Paper No. 4
Presentation Time: 9:45 AM


CHRISTIANSEN, Eric H.1, MCCURRY, Michael2, BINDEMAN, Ilya N.3, CHAMPION, D.E.4, KNOTT, Tom5, BRANNEY, Michael J.5, HOLTZ, Francois6, BOLTE, Torsten6 and SHERVAIS, J.W.7, (1)Department of Geological Sciences, Brigham Young University, Provo, UT 84602, (2)Department of Geosciences, Idaho State University, Pocatello, ID 83209, (3)Geological Sciences, University of Oregon, Eugene, OR 97403, (4)U.S. Geol Survey, MS-910, 345 Middlefield Rd, Menlo Park, CA 94025, (5)Department of Geology, University of Leicester, Leicester, LE1 7RH, United Kingdom, (6)Institute for Mineralogy, University of Hannover, Hannover, D-30167, Germany, (7)Department of Geology, Utah State University, Logan, UT 84322-4505,

Disparate models have been proposed for the origin of rhyolites associated with hotspots like those on the Yellowstone hotspot track. In the central part of the track, study of these large magma systems has been hindered because the eruptive sources are buried by basalt. The 2 km Kimberly core helps fill that gap; it penetrates deep into the rhyolitic underpinnings of the southern margin of the province. The core is dominated by rhyolite lava and welded ignimbrite, with basalt and sediment between 241 m and 424 m depth.

Our initial chemical, petrographic, O-isotopic, and paleomagnetic measurements suggest that there are three major rhyolite units in the core. Rhyolite 3, the uppermost, is nearly 130 m thick. It contains phenocrysts of plag-san-px-zcn-ap-ilm-mt. Rhyolite 2 is the most highly evolved unit with ~75% SiO2; it has anorthoclase and quartz, in addition to the minerals in Rhyolite 3. Rhyolite 1, the base of which is not exposed, is nearly 1,340 m thick, has no apparent flow contacts or cooling breaks and may represent a single, thick intracaldera ignimbrite. The ignimbrite has the same minerals as the upper unit and is a low-silica rhyolite with high concentrations of Fe2O3 and TiO2; it is not obviously zoned—TiO2 ranges from 0.75 to 0.84% and Nb from 39 to 41 ppm.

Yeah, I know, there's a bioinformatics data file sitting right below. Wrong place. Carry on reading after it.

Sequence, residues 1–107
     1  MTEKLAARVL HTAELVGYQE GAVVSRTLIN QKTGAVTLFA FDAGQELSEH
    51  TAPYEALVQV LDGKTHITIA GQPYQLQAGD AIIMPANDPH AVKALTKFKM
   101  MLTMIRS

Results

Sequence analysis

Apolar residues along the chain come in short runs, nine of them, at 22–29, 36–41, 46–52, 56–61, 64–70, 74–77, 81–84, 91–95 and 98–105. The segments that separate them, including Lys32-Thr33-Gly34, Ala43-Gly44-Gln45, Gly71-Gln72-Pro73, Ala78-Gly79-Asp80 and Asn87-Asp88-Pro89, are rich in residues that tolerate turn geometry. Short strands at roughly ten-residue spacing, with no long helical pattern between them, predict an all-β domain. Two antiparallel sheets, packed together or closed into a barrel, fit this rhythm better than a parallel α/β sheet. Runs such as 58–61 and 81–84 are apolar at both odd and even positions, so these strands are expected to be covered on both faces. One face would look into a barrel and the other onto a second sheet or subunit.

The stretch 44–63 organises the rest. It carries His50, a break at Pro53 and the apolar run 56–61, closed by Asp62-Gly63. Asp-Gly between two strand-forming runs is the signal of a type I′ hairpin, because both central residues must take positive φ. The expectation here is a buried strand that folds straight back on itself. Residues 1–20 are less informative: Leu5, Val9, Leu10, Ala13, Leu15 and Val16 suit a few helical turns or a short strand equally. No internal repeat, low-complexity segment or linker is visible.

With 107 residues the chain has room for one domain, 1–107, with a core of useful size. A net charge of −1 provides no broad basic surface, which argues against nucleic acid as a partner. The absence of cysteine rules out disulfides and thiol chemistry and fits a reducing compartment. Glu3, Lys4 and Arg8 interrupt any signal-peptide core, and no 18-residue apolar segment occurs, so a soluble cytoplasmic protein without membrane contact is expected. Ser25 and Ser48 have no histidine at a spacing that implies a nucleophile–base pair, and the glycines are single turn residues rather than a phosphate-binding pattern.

All units have the characteristics of A-type rhyolites and, compared to typical arc rhyolites, they are ferroan, Sr-and Al-poor, dry, and hot (~900°C). They have low La/Nb and Pb/Ce ratios and their trace element patterns have only small negative Nb anomalies. Initial analyses show that all three units are low δ18O rhyolites; feldspar ranges from 1‰ in Rhyolite 1 to 3‰ in Rhyolites 2 and 3. In the thick lower ignimbrite, whole-rock δ 18O increases systematically from the base upward (0.5 to as much as 9‰ in the altered top).

We suggest that many of these characteristics were imposed by rhyolite derivation from low degrees of partial melting of tholeiitic basalt lodged in a mid-crustal sill. The low δ18O values reflect recycling of hydrothermally altered crustal rocks. The isotopic data also indicate progressive recycling of more hydrothermally altered material into the younger magmas. More work is needed to establish correlation with regional units, understand the volcanic settings, and ascertain the origin of these distinctive low 18O, A-type rhyolites.

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